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The <a href="https://cactusjungle.com/archives/blog/exit.php?url_id=1826&amp;entry_id=1647" title="http://www.azcentral.com/home/garden/articles/0126swgarden0126.html" onmouseover="window.status=’http://www.azcentral.com/home/garden/articles/0126swgarden0126.html’;return true;" onmouseout="window.status=”;return true;">Arizona Republic</a> is taking questions, and it’s all about the kalanchoes today.<br /><br /><div style="margin-left: 40px;"><span style="font-style: italic;">Question: About a year ago, I propagated a cutting from a very colorful kalanchoe. The cutting has gone very well, filling a 12-inch pot, but producing no blossoms. How can I encourage this fickle kalanchoe to produce flowers? During its short life, the plant has been in a patio receiving, perhaps, four to five hours of sun.<br />
– Bill Ispirian, Scottsdale<br /><br /><img width="250" hspace="5" height="400" border="2" align="left" src="/blog/uploads/misc/012608garden-autosized258.jpg" /> Answer: There are many species of kalanchoe plants. These succulents produce a profusion of long-lasting blooms. Most are cool-season bloomers and flower in winter and spring.<br />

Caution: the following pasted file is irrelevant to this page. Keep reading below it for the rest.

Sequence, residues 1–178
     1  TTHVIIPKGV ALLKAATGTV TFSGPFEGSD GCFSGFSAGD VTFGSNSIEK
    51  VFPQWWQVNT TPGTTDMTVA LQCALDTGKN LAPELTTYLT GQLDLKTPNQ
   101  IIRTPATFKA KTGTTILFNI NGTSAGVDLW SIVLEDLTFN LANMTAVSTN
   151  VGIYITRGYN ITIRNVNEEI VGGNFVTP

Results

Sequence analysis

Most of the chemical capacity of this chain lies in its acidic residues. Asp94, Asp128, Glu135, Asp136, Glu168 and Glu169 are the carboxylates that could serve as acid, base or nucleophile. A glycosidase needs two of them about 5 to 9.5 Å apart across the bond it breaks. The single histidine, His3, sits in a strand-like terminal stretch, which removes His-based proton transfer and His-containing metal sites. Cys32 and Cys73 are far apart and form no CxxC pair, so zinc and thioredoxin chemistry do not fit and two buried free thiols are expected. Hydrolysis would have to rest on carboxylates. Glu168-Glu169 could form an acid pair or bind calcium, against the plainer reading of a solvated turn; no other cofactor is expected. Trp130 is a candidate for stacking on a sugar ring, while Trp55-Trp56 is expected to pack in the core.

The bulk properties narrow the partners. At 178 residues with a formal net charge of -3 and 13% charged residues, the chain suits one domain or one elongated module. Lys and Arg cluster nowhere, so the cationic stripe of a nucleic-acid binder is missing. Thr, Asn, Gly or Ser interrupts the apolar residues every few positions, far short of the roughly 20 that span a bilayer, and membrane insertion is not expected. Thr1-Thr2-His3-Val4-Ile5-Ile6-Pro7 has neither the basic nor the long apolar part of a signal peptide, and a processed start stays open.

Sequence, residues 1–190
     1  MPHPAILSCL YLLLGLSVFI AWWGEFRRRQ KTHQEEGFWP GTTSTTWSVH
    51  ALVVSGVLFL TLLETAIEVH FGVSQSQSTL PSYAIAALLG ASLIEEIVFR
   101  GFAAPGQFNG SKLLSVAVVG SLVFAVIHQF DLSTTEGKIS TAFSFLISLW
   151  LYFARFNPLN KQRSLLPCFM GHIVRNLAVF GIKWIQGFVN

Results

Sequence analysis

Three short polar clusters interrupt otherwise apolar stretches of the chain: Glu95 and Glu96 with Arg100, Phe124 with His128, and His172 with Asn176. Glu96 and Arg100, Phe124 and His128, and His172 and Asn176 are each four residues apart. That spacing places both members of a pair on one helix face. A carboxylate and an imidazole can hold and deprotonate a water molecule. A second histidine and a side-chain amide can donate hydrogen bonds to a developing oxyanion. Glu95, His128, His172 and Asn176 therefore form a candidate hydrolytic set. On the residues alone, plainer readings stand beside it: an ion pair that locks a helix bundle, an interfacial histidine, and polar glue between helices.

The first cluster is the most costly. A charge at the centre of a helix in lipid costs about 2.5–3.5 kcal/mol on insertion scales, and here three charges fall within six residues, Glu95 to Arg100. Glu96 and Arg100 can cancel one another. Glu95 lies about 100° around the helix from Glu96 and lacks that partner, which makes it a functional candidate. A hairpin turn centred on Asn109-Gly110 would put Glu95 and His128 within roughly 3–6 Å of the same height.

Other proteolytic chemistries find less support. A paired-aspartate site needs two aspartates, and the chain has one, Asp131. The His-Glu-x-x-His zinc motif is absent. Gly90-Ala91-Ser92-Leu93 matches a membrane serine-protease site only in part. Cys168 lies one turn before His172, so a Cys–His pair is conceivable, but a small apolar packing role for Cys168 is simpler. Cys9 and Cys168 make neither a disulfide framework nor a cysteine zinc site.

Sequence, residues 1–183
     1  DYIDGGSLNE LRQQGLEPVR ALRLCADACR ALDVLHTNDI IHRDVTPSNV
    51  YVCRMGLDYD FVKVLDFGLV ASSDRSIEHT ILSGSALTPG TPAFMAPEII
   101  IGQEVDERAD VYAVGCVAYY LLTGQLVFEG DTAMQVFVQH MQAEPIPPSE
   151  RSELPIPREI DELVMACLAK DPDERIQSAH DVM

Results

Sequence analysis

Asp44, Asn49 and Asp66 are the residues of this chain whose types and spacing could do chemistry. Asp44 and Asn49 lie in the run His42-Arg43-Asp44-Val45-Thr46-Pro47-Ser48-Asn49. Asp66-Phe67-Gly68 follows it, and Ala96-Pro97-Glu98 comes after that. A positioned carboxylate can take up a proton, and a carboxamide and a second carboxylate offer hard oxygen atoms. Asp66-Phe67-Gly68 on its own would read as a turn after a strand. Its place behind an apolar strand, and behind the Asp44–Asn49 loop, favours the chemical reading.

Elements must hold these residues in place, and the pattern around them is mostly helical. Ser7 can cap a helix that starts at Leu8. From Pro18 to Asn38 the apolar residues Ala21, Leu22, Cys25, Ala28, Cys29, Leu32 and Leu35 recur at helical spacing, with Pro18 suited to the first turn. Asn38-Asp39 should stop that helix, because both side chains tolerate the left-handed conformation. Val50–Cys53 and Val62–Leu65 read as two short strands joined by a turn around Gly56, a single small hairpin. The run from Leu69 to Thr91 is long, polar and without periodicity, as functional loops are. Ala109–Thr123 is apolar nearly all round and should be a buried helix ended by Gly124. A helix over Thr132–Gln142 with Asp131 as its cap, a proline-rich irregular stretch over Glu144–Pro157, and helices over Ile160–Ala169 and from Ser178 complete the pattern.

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Kirti Mathura, Desert Botanical Garden horticulturist, said those sold at the garden will bloom yearly and do well as patio container plants. Others sold in retail outlets often are forced to bloom so they are available throughout the year.<br />
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If you want to experiment, keep your kalanchoe in a cool, dark place. Some growers use either a piece of shade cloth (available at plant nurseries) or even a box to cover their plants.<br />
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By covering them up to 14 hours a day in a cool place, you may be able to force the plant to produce buds.<br />
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Once they bud, remove the covering and place in a well-lighted area. Kalanchoe prefer a well-drained soil rich in organic material. Watering once a week should do it, but let the soil dry out before watering again. While it is in the dark, water only half as much as you normally would.<br />
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Mathura said you can fertilize your plant, but use a fertilizer that contains more phosphorus than nitrogen to promote blooming. Too much nitrogen promotes more leafy growth, she said.</span><br /></div><br />Now you know. I like that phrase. It’s very compact.<br /><br /><br />


    
    
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